e3/2 d/2 ce g2 g2|d3/2 c/2 GB d2 d2| A3/2 B/2 c3/2 d/2 e3/2- d/2 c3/2- B/2|
A2 e2 e2 a2| e3/2 f/2 e3/2 d/2 c2 B2| A4- A2||

For ABC purposes the key is given as C, the relative major.
There’s a brief modulation in the second bar of the chorus to C with a Gmanj chord. Otherwise it’s all in Amin.

If you want to sing it, here are the words.

Let the farmer praise his grounds, let the hunter praise his hounds,
Let the shepherd his sweet scented lawns;
But I, more wise than they, spend each happy night and day
With my darlin’ little cruiskeen lan, lan, lan
Oh, my darlin’ little cruiskeen lan.

Chorus:
Gra-ma-chree ma-cruiskeen, slainte geal mavoorneen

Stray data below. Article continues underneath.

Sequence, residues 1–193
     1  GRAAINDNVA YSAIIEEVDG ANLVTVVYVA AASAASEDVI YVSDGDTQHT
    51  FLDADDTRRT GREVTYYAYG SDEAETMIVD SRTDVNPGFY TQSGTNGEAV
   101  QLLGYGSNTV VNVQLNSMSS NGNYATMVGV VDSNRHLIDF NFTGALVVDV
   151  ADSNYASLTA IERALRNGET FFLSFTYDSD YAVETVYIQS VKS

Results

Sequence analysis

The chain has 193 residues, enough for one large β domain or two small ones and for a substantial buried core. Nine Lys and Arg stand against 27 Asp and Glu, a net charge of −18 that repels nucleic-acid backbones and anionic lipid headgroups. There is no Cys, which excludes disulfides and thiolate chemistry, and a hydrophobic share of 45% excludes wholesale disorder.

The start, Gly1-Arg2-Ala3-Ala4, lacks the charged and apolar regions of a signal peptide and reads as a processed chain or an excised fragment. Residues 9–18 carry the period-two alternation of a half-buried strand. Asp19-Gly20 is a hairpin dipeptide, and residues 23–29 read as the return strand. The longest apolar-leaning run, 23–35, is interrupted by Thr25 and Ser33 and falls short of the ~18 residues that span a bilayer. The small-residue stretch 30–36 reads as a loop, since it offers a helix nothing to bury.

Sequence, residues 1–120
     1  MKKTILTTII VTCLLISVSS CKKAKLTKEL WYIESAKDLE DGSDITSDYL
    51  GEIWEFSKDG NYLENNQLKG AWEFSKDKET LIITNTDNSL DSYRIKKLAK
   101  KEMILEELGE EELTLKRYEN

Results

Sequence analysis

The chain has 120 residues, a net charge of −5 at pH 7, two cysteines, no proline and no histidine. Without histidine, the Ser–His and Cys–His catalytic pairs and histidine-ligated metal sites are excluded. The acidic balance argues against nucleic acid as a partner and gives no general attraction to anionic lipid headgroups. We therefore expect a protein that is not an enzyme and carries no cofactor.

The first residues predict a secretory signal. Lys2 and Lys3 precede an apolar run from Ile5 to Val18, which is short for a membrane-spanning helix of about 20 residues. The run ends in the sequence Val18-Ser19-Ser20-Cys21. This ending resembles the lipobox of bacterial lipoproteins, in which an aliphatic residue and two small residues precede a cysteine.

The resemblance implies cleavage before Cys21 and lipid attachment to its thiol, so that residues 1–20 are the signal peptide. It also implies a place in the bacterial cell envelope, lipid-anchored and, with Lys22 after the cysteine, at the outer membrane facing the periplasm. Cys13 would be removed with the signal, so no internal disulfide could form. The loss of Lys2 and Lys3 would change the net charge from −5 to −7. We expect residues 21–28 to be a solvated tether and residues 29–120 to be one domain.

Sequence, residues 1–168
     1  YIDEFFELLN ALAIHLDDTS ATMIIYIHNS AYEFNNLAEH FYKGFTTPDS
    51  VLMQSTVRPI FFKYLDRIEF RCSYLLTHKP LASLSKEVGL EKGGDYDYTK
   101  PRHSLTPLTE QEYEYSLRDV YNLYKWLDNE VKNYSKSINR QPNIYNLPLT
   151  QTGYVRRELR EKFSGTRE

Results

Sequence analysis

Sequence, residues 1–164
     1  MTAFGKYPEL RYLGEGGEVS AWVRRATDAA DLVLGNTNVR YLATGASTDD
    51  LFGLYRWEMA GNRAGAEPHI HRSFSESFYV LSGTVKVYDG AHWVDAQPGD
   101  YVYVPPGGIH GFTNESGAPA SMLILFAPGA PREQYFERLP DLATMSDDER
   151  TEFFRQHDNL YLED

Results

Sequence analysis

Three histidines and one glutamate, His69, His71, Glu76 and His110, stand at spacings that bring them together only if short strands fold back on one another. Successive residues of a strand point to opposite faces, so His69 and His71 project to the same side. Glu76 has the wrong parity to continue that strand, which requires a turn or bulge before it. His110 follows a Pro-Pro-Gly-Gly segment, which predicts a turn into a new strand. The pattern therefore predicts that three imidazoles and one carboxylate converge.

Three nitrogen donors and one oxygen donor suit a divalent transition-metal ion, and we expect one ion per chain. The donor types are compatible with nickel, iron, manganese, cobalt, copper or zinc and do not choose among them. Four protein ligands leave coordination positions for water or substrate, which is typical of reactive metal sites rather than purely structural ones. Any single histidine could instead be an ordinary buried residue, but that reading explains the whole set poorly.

Gra-machree ma-cruiskeen, lan, lan, lan,
Oh! gramachree ma-cruiskeen, lan

Immortal and divine, great Bacchus, god of wine
Create me by adoption your son.
In hopes that you’ll comply, That my glass shall ne’er run dry
Nor my darlin’ little etc.

And when grim Death appears, in a few but pleasant years,
To tell me that my glass has run,
I’ll say, “Begone, you knave! For great Bacchus gave me leave
To take another etc.

Among others, the Clancy Brothers sang a version of it.

I suspect it was written by “the educated” - university students or the like. Hence the use of the melodic minor and references to Bacchus. I’d be pleased if anyone could tell me where it came from.

Re: question for ye…